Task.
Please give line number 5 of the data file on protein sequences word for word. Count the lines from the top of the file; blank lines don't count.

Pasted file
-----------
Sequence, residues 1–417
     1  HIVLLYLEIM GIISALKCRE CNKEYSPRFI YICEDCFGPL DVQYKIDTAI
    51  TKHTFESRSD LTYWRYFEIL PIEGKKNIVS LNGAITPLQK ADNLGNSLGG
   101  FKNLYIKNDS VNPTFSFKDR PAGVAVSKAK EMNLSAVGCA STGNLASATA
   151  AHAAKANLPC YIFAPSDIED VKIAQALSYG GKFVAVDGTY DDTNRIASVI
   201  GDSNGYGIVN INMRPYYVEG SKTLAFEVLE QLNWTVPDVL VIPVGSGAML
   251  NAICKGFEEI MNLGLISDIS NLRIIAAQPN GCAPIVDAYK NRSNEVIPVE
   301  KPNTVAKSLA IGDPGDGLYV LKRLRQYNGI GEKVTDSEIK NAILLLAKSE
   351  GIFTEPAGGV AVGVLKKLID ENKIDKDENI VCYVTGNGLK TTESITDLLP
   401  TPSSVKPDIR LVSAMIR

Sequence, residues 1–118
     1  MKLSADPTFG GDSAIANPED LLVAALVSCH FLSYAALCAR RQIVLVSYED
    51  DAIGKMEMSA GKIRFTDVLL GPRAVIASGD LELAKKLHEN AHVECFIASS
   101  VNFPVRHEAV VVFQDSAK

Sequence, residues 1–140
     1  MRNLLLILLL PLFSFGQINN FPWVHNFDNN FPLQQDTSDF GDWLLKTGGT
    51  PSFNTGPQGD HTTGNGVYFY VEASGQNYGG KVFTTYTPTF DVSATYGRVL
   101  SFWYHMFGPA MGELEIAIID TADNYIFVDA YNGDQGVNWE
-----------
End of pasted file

   151  AHAAKANLPC YIFAPSDIED VKIAQALSYG GKFVAVDGTY DDTNRIASVI